On November 5, 2020, during TESL Ontario’s 2020 Annual Conference, four professors representing the organization’s Colleges and Universities Committee made a call for interested members to apply to join the committee. Mobayen, McInnis, Meyer Sterzik and Papple —each from different postsecondary institutions— shared the current objectives of the committee as well as its future goals, all meant to build a community of practice (CoP) amongst members who teach in the academic sector. As noted in their presentation, 30% of TESL Ontario members teach in the academic sector; yet I wonder, why aren’t there more members in TESL’s Colleges and Universities Committee?
You might ask: Why is it important for the college/university committee to have representation? For me, having representation could mean the addition of more PD content that informs and enriches the teaching of English for Academic Purposes (EAP), English for Specific Purposes (ESP), and all other acronyms listed in this presentation, including “EBP” and “ESAP” (L. McInnis, personal communication [slide 21], November 27, 2020).
As a TESL Ontario guest blogger and ESL teacher, I was excited to attend the TESL Ontario 48th Annual Virtual Conference held November 5-7. Called Resilience: Re-envisioning Language Education Together, the conference was held online using PheedLoop.
The Marriott Downtown at CF Eaton Centre in Toronto was abuzz December 5 and 6 for the TESL Ontario Annual Conference 2019. Events included three keynote speakers, over 80 presentations, 28 interactive workshops, poster and publisher exhibits, and more.
Two members of our blog team, Lana and Jessica, attended Day 2 of the conference and each experienced a small sample of what was available. Following are some highlights from their day.
The TESL Ontario Annual Conference is right around the corner! December 5th and 6th will be here before we know it. Are you attending? We’ve been looking at the schedule and highlighting all over the place! There are so many interesting topics being covered that it’s hard to pick just one at a time.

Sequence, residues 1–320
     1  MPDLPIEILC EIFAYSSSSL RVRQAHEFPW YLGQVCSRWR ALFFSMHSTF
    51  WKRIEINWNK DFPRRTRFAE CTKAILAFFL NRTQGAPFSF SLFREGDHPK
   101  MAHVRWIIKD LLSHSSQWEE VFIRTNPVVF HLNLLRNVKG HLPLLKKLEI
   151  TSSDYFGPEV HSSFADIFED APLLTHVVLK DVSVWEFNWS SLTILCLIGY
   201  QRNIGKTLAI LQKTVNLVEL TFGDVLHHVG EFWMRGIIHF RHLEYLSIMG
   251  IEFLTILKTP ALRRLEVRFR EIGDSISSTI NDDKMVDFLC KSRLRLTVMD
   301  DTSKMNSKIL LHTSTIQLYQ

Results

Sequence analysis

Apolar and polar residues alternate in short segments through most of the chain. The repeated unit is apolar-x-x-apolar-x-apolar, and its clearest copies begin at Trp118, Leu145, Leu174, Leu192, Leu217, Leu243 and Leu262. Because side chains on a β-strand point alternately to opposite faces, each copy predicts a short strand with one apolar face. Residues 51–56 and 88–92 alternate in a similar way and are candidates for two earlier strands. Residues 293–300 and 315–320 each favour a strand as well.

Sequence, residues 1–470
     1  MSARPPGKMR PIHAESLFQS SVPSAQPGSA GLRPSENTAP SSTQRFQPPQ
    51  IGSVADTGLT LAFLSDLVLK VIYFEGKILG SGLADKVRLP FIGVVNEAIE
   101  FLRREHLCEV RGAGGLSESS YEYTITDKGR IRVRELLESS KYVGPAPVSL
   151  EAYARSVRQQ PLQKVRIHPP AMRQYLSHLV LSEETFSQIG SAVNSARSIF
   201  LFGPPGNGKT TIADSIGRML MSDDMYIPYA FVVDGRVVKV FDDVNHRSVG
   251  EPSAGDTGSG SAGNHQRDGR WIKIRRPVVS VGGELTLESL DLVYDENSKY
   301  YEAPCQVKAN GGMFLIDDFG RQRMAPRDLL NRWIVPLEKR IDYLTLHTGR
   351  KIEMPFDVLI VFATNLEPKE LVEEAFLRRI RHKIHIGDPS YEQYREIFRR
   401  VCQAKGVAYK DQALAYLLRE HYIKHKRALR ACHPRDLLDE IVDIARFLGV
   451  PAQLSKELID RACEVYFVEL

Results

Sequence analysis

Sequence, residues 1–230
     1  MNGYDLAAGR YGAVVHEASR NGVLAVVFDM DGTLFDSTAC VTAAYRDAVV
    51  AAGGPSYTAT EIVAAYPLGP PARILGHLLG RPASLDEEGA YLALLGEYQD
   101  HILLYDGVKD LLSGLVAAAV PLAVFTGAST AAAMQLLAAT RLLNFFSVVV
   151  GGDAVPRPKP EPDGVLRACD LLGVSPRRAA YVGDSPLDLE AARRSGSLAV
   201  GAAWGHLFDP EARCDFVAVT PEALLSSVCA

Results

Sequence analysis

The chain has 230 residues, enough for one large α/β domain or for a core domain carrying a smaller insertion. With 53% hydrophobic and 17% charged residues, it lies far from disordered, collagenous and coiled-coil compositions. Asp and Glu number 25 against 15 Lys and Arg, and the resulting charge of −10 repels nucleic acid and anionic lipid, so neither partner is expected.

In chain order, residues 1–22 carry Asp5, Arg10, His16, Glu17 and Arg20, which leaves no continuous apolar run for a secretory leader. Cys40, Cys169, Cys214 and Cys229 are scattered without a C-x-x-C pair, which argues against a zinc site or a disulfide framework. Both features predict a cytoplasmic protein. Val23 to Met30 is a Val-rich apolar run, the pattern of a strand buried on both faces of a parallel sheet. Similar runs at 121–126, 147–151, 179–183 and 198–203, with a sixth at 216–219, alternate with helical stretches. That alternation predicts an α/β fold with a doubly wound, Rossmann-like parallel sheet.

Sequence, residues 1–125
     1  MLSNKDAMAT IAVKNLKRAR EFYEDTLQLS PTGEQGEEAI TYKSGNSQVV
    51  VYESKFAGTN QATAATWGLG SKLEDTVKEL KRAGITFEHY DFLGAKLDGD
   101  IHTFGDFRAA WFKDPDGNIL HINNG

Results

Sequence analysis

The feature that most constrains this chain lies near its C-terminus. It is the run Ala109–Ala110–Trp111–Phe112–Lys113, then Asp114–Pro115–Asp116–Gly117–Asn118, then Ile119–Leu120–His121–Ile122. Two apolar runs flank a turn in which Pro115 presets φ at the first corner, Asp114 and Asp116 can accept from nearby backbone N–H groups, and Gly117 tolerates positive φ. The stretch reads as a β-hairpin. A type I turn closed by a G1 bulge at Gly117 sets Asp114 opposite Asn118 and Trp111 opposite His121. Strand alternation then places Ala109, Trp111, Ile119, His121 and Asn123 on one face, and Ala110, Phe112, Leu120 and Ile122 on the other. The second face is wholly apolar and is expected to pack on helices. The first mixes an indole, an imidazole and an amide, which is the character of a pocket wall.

For the last 20 years, TESL Ontario has held technology workshops at the annual conference to introduce and provide conference attendees with the opportunity to learn from the many individuals who utilize technology in the classroom. Over the years, the interest has grown along with the opportunities to use technology from computers to tablets to smart phones. Most of our students have one or several of these devices. The use of these devices Continue reading →
This year at the TESL ON conference, Asmaa Cober, Sanctuary Refugee Health Centre, will be one of our Keynote Speakers. The following blog post was written by Asmaa. Here she gives you a synopsis of her keynote address:
Learning never happens in a vacuum — people bring all of their experiences with them to the classroom. Newcomers (and refugees in particular) have a life history — experiences that greatly affect their ability to learn. We will explore some of the types of experiences that refugees bring with them to the classroom. Continue reading →
At some point in your classroom, you’ve probably created a scavenger hunt for your students. You know, the type where you hide things and provide questions, clues, or riddles to find the hidden items. These scavenger hunts have traditionally been used as a way to get students familiar with their surroundings or as vocabulary association exercises. But add the wonders of technology and the increase of ownership of mobile devices by students, and you can take scavenger hunting to a whole new level. Continue reading →
This year at the TESL ON conference, Deborah Healey, TESOL International Association, will be one of our Keynote Speakers. The following blog post was written by Deborah. Here she gives you a taste of what she will be sharing at the conference.
Gamification in Education: Hype or Useful Teacher Tool? This is a question that I’ve been asking for the past few years, as I’ve tried gamifying some of my classes. Most teachers (myself included) have long used games in the English language classroom and in teacher training to encourage motivation and add a fun factor to learning. Some teachers have been able to use game-based learning, where a game sets the context for learning. Continue reading →